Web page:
apologized to the House for offering himself to its attention, on a question which involved points of law, upon which he was not competent to speak. He should not have addressed the (louse had not his hon. and learned friend (Mr. Crampton) been debarred from taking any part in this debate. He had therefore been requested by his noble friend, the Chancellor for Ireland, to state the case in his behalf, inasmuch as the Bill now before the House interfered, in a very unjust and unprecedented manner, with rights he was undoubtedly entitled to exercise. He begged leave, however, to say, that if he had not been convinced, that right and justice were on the side of his noble friend no consideration of personal regard would have induced him to take any part in the discussion of a question, on the merits of which he must, at best, be but ill-informed. He would call the attention of the House to the manner in which this Bill had been brought forward, and to the Representations contained in its preamble, and he hoped that he should be able to induce hon. Members to come to the opinion that this Bill ought not to proceed any further. The first statement made in it was, that there was a conflicting claim of right between the Lord Chancellor and the Master of the Rolls, in Ireland, with regard to the nomination of a certain officer. This mode of staling the question placed these two parties on grounds of perfect equality, as if there were no difference in their positions, as if the matter were altogether doubtful and unsettled, and that, therefore, the interference of Parliament had become necessary. This was so far from being the case, that there had been solemn legal decisions upon it; and, according to the analogy of the practice in other cases, the right undoubtedly rested with the Lord Chancellor. In no single instance, as the Master of the Roll's Court was formed at present had he ever exercised that patronage which he now claimed. Neither had the Lord Chancellor ever ceased to exercise that patronage. In the year 1800, upon the occasion of the Union between England and Ireland, a Bill was introduced to give to the Court of the Master of the Rolls a judicial character, which it had not previously possessed in Ireland, placing it on a similar footing with the Court, of the Master of the Rolls in England—so as to constitute that officer, in the words of the Act, "an assistant, of the Lord Chancellor." The only circumstance on which the claim now asserted, on behalf of the Master of the Rolls, could be founded was, that in the year 1800, a compensation was granted to the Chancellor's then Secretary, in consideration of the appointment of the new Court, which would materially diminish the receipts of his office. Mr. Dwyer, at that time held the office of the Lord Chancellor's Secretary; and his support of the Union was considered essential. His was an office of considerable influence, and it was an object to turn that influence into the same channel with other influence. That Gentleman then received compensation for the appointment of a Secretary to the Master of the Rolls. Notwithstanding this, however, no Gentleman was appointed to the office. Mr. Dwyer continuing to perform its duties, and receiving the compensation for having lost it at the same time. In 1806, Mr. Curran succeeding to be Master of the Rolls he appointed another Gentleman, but, by an order made by the then Lord Chancellor, the appointment was, in fact and practice, reserved to the Lord Chancellor. The order then made precluded the Secretary of the Master of the Rolls, from having any duties to perform. The Lord Chancellor's power of nomination continued undisputed up to 1827. The present Master of the Rolls, who now claimed this appointment as a matter of right and proposed to establish it by reversing the decisions of two successive Lord Chancellors, —and the enactments of a statute passed in 1822—set up no claim till 1826. He was aware that the Master of the Rolls had a feeling of delicacy with respect to Lord Manners, the then Lord Chancellor, and was unwilling to interfere with what that officer considered to be part of his vested rights. He did not dispute or impugn the existence of this feeling of delicacy, but a person in an official situation, thinking himself entitled to patronage exercised by another, could have taken no course so delicate and proper as that of calling the attention of Government and of Parliament to the subject—with a view to have the general question settled for the future; more particularly as the order under which Lord Manners exercised that patronage was not an order of his own, but of the Chancellor who preceded him; so that he had no personal feeling in the question. But the Master of the Rolls, who entered office in 1814, had many opportunities of agitating this question before 1827? In 1815, for example, a bill was introduced to regulate the office of Master of the Rolls in Ireland. By that the appointment of the Six Clerks was vested in the Master of the Rolls; and other regulations were made, with respect to his patronage, which gave him an excellent opportunity of raising this question. In 1816, a Commission was appointed to examine into the offices of the Court of Chancery in Ireland; and on the 16th of December 1816, the Commissioners made a Report. They examined, first, into the Master of the Rolls' Court, and stated the salary provided for that officer; and that there was no other emolument, but the salary, from that situation. In order that no mistake might arise as to the meaning of the word "emolument," they went into his patronage, specifying every part of it distinctly; but they did not mention the appointment of a Secretary. The Report, in speaking of the Lord Chancellor's office, gave an account also of his Lordship's patronage. In that account it distinctly appeared that the Chancellor's Secretary was the person, whose privilege and emolument it was, to perform all those duties which the Master of the Rolls said that a Secretary to be appointed by him— but who never had been appointed by him —ought to perform. Did this Report take the Master of the Rolls by surprise? Certainly not; for in his letter to the right hon. Baronet opposite (Sir Robert Peel), he said, with reference to the draft of a letter he had to prepare, containing the suggestions of the Lord Chancellor and himself, on the salaries and fees attached to the different offices in the Court of Chancery, that he had devoted the long vacation of 1817 to an investigation of those salaries and fees. He then stated what were the fees and salaries of the offices, the appointment of which he claimed to be vested in himself as of right, and he made no mention of his Secretary. In consequence of the suggestions made by the Master of the Rolls and the Lord Chancellor, for the regulation of all the offices in their respective Courts, the Act of 4 George 4th was passed. That Act fixed the salary of the Lord Chancellor's Secretary, and it was fixed partly with reference to the duties the Master of the Rolls now wished to take from him. He was bound to suppose, then, that this subject did not escape the attention of the Master of the Rolls, and if it did not, there was no consideration of delicacy to prevent his stating his claim to the Commissioners of Judicial Inquiry. He had the highest respect for the present Master of the Rolls, and meant not to blame him; but he must state to the House one fact with regard to the Deputy Keeper of the Rolls. When the Master of the Rolls came into office, he appointed a gentleman to act as Deputy Keeper of the Rolls. There was, however, a gentleman before in possession of this post, who argued that it was a permanent office, and that the person who held it was not removable at the pleasure of every Master of the Rolls. But the Master of the Rolls contested that point, on the ground that as it was the only office to which he was entitled to nominate, it was essential that his patronage in respect of it should be undisputed. Having thus succeeded in ousting the former holder of the office, the Master of the Rolls, in the regulations of the Act of 1823, had it provided, that the gentleman who thus displaced his predecessor, should not himself be liable to removal. Without blaming the Master of the Rolls, it was clear this was not the act of a man who was paying no attention to what he conceived to be his rights as to privileges and patronage attached to his office. In a part of the bill, it was stated, that doubts had arisen whether an Act passed in the 4 George 4th might not be so construed as to prejudice or affect the right claimed by the Master of the Rolls. The Master of the Rolls came into office in 1814; opportunities arose for his claiming the right in 1815, in 1816, and subsequently; and yet now an Act was to be passed, to remove doubts as to the construction of an Act of 1823, affecting a claim not made till 1827? Before the House sanctioned such a bill, introduced in so extraordinary a manner, it should be satisfied that a primâ facie case of right had been made out, for they would have to pass it in the face of two solemn decisions of different Lord Chancellors, and in the face of an Act of Parliament, subsequently amended by another Act, and in both of which the Master of the Rolls was concerned. He maintained that it would be unjust to the gentleman who filled the office of Secretary to the Lord Chancellor, whose salary was fixed on the supposition that he held a certain office, if the Master of the Rolls were to appoint another person to perform a portion of the duties of his office, and receive the fees. It was contended that, according to the analogy of the practice in England, the Master of the Rolls in Ireland ought to appoint his own Secretary; but he entreated hon. Members not to be misled by the analogy of names, for there was no other analogy between the Courts in England and in Ireland. According to the practice of the Court of Chancery in England, petitions, in the first instance, went to the Secretaries of the Lord Chancellor and the Master of the Rolls respectively; but, in Ireland, the practice of the Court was different. In Ireland, there was no such previous petition as existed in England, and the duty performed by the Secretary of the Master of the Rolls in Ireland was nothing more than that which was performed by the Deputy Registrar in the Court of Chancery in England; and he was an officer, not appointed by the Master of the Rolls, but by the Crown. So far as the case rested upon analogy, therefore, it fell to the ground, and the claim was no more warranted by presumed similarity than it was by law and practice. He did not say, that the practice should not be altered, if it were an improper one; but no arguments could be adduced either of a prescriptive right or a right founded on the analogy of the practice in England, in favour of the Master of the Rolls, which ought to induce the House to reverse two solemn adjudications of the Court of Chancery, and the provisions of two Acts of Parliament. [Mr. O'Connell: Two orders of Court were made]. An order of Court was made by Mr. Ponsonby in 1806, which was confirmed by Sir Anthony Hart, after a lengthened argument and laborious consideration in 1827; and Acts were passed, in the interval, confirming the rights of the present Lord Chancellor's Secretary. These were solemn decisions of the Court. Whatever ground, then, there might be for regulating the office in future, there were none to warrant so extraordinary an ex post facto proceeding as that of depriving a man, by a legislative enactment, of a long enjoyed right for the purpose of transferring it to another. He moved, that the Bill be committed that day six months.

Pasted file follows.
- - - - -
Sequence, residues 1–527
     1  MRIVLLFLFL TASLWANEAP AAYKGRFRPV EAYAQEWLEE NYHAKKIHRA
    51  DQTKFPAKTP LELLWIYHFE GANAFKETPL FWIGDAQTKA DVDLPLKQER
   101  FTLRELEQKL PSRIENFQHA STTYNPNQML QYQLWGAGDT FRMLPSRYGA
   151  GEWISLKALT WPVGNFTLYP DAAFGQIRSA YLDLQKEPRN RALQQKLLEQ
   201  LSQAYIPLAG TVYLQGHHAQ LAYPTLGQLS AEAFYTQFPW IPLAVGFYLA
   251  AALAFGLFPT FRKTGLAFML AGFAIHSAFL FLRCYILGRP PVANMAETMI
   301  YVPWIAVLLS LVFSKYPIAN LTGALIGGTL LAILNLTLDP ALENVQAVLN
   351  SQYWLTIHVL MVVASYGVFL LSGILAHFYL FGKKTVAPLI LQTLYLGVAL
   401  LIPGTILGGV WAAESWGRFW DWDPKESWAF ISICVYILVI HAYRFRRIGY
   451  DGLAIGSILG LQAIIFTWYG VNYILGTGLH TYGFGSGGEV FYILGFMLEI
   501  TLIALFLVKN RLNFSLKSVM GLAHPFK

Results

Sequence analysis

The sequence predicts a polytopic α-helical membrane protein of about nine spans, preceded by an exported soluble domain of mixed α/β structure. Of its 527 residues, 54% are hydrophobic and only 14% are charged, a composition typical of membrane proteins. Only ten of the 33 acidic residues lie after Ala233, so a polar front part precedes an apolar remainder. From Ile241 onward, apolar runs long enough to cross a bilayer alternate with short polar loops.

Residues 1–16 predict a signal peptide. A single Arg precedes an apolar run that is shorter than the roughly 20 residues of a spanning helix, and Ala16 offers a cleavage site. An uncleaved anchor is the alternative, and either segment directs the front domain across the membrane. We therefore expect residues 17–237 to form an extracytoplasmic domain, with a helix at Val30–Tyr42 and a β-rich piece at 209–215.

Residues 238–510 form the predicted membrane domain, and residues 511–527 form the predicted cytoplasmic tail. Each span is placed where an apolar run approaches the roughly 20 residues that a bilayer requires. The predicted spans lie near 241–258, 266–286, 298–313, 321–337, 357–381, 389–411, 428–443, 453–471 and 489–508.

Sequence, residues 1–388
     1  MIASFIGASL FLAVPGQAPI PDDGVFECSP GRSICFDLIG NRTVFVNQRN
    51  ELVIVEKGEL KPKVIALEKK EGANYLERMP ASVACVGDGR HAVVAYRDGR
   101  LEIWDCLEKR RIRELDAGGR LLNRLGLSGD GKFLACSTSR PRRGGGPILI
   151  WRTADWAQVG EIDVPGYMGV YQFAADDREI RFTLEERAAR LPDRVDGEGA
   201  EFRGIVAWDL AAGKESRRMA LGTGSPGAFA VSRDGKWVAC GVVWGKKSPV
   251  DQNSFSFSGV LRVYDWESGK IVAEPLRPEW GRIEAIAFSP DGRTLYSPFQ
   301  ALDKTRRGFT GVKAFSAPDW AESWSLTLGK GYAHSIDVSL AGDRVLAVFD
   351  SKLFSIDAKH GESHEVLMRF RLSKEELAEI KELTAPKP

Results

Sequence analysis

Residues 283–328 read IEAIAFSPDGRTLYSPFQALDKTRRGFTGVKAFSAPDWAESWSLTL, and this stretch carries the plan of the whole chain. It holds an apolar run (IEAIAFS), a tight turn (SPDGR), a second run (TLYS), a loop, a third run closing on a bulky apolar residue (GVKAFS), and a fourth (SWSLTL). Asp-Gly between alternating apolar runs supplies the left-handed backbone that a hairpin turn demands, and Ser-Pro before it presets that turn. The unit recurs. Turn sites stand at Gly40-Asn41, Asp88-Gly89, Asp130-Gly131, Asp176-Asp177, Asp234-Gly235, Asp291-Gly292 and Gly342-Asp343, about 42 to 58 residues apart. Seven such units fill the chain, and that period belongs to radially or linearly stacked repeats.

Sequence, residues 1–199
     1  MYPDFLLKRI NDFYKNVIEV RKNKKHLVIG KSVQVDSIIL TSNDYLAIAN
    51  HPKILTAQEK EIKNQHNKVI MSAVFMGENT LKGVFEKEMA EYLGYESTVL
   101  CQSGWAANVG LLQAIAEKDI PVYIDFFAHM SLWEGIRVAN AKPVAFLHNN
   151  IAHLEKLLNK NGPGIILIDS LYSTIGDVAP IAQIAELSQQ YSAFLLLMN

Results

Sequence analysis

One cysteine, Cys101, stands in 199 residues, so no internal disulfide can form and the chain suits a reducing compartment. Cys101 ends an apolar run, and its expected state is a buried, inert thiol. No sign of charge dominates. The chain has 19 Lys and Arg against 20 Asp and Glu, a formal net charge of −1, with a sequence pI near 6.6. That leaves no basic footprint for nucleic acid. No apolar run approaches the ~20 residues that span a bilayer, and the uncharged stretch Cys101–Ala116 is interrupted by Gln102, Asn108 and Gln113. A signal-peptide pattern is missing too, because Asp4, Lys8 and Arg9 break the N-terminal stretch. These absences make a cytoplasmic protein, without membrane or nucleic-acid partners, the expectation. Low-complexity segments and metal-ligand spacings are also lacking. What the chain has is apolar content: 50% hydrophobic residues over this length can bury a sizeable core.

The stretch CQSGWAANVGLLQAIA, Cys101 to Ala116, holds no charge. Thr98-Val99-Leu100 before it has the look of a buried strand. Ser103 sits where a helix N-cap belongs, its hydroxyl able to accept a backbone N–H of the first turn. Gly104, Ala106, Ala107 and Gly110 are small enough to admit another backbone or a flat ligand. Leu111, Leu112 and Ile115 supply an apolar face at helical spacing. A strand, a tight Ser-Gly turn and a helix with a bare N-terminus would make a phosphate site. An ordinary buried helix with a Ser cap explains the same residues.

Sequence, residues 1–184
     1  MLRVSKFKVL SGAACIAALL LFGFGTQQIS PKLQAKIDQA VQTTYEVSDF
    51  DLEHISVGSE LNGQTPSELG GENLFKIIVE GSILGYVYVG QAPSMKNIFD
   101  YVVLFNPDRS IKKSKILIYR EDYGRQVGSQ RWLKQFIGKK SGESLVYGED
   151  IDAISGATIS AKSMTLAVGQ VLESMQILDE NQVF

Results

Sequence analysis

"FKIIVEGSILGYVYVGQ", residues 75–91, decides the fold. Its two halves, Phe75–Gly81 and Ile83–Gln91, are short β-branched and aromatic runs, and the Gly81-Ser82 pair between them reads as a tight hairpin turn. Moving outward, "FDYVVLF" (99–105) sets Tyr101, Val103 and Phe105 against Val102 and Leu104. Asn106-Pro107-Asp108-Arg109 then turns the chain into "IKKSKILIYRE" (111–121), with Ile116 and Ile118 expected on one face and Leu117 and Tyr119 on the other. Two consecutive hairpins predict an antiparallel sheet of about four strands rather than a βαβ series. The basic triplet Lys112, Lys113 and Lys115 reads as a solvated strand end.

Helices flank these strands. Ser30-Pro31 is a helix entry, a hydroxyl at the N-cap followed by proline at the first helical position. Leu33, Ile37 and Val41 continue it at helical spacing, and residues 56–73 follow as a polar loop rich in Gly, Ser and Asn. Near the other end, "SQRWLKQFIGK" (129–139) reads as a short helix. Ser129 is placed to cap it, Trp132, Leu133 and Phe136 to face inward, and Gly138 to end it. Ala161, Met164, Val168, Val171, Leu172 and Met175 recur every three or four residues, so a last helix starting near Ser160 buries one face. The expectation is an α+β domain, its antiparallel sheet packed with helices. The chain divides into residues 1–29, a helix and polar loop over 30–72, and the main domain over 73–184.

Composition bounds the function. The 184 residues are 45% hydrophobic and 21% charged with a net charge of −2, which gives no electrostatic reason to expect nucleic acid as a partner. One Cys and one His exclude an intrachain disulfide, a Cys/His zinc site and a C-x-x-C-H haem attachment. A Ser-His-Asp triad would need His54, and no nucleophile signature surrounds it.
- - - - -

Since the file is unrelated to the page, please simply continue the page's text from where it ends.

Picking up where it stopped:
Mr. James L. Knight